CherryTree is very good imho. It can import Treepad (Lite) files (plus a lot of other formats), which is essential for me. I still use Treepad Lite (the free TP version), which is simpler on account of a rather limited, but useful, set of features.
@ Gerard: agreed. The issue I have with it is portability – export to HTML & PDF only.
Yes, I wish CherryTree could export to the Treepad Lite format (= plain text with simple code for the tree nodes and hyperlinks). That shouldn’t be too difficult to implement.
I use Cinta Notes, which is terrific if you want to file articles found on the Web. The workflow is smooth and automated to create a note out of a Web page, and add metada to it : tags, remarks, title, link…
Actually, Cinta Notes can create a note from bits of text coming out of any application (such as a pdf reader), but it especially shines at Web clipping, with clever keyboard shortcuts.
It saves rich text but not images currently (although this is on the roadmap). Sync capacity is minimal. Filing is easy, but search is a bit more clunky, although enhancements are in the works. I have 8 000 notes in one tab (it has taBs and taGs), and just typing search keywords is getting s-s-slow.
Another program that is worth exploring is Zotero. It’s meant for academics, and was based originally around the need to cite books and scientific articles in a normalised way for bibliographies. But it can do much more (“collect, organize, cite and share research”), and its application field is not limited to university work. It’s open source and integrates with the browser.
I haven’t yet put it to test in an extensive way, but it’s certainly on my list. There’s a very active community around it.
+1 for CintaNotes.
It really (only) works for text.
And it syncs with SimpleNote, so you can access notes on the go through Simplenote’s apps (or compatible third party apps) or Simplenote’s web interface.
+1 for Zotero, it is produced by George Mason University
Even if logged in it shows “NO COMMENTS”. There are several now…..
I using BoostNote from 8 months ago. It seems to they have started bounty program for their contributors.
use combo of evernote and nixnote have onenote on all windows pc just dont use it much anymore
Laverna is another great alternative.
@DonnaMiller: Laverna is web-based.
Why switch? OneNote still works great, and should be running for at least another decade.
Why to switch?
2.prison of onenote: the database format is not universal(for example .txt can be open and edited by many programs). If you find a good note taking software, what now? You have lots of notes in onenote but you can’t import them to the new software…
@Karol: excellent points.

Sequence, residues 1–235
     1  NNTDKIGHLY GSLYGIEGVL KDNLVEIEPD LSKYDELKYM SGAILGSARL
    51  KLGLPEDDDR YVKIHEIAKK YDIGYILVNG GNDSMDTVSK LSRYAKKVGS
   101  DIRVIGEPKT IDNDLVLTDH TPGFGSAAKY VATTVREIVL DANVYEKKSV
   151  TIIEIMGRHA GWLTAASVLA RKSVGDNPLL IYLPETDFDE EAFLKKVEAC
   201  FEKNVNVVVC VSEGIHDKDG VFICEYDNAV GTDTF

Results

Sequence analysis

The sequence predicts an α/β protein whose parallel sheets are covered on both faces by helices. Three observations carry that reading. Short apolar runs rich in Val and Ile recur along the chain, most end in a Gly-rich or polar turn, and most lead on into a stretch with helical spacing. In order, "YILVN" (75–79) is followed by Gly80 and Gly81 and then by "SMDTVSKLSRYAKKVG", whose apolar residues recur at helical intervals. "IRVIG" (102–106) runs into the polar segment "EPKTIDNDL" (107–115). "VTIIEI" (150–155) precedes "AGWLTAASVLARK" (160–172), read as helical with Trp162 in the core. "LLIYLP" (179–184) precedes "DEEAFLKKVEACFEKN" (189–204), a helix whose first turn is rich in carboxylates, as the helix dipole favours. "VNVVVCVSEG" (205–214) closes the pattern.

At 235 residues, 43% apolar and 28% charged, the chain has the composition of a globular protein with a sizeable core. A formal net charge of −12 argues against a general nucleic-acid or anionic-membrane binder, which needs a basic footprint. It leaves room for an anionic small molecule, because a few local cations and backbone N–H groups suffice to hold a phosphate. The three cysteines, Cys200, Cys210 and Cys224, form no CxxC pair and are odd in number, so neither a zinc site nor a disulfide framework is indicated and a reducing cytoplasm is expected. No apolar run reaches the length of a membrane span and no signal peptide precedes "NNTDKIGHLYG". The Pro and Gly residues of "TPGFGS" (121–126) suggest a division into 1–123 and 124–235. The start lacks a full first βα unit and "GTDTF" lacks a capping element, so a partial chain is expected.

let me know how it (onenote) works on android (problematic, not reliable) or linux based (not an option) pc…..
I’ve just started to use Joplin (https://joplin.cozic.net/), I didn’t know that there was other alternatives that were crossplatform and open source, thanks for the info.
@Fred G: thanks for mentioning Joplin, I was not aware of it. I have been using Typora (https://typora.io) for 2 months now. It is also a markdown note-taking app whereby the editor side is immediately replaced by the review side as soon as you stop typing, so there is only 1 pane – very neat. You can organise notes in folders, the equivalent of Joplin’s notebooks.
There is a vertical pane to the left of the text pane, an outliner, which you can toggle to a folder/file view. The folder/file is a tree structure in which you can have an almost unlimited depth of levels of subfolders. And because there is 1 pane less than in Joplin Typora’s view of the text as well as the tree are broader.
Another markdown note-taking app I looked at is QOwnNotes, but I found that to be user-unfriendly so I ditched it.
Having said all this I will play a bit more with Joplin, and will have to decide whether to continue with Typora or Joplin. In any case I have ditched Word and from January 1st will ditch OneNote.
@Fred G and @Klaas Vaak:
Thank you both for mentioning Joplin and Typora.Typhora is amazing, the best Markdown writer I’ve ever seen, but Joplin might just be good enough. Among many other features, I greatly prefer Typhora’s support for keeping notes in plain text files as opposed to Joplin’s use of CSON files. I think I’ll use Typhora while it’s in beta, and I’ll switch to Joplin if the price for Typhora seems too high.
@Joe: you’re welcome :-) I found I have become quite “addicted” to Typora for its features as described above, and the fact it keeps notes in plain text files as you say, which means the notes are portable and not locked in a proprietary format. I am becoming increasingly sensitive about portability now that I have decided to switch over from Windows to Linux and am currently looking at Linux programs.
The installation routine on Windows is not acceptable. It is me, who will choose the location, and not a drunken programmer from Japan.
Another alternative is Notable, cross platform, Electron-based. Has some cool features, is still being developed but looks promising.
It is a markdown-based note-taking app, so you are not locked into a proprietary format like with Evernote, OneNote, ….
Talking about Evernote, it can import Evernote notes – interesting for those looking to ditch EN.
Have a look at VNote – free, open source, cross-platform, markdown. Very impressive indeed.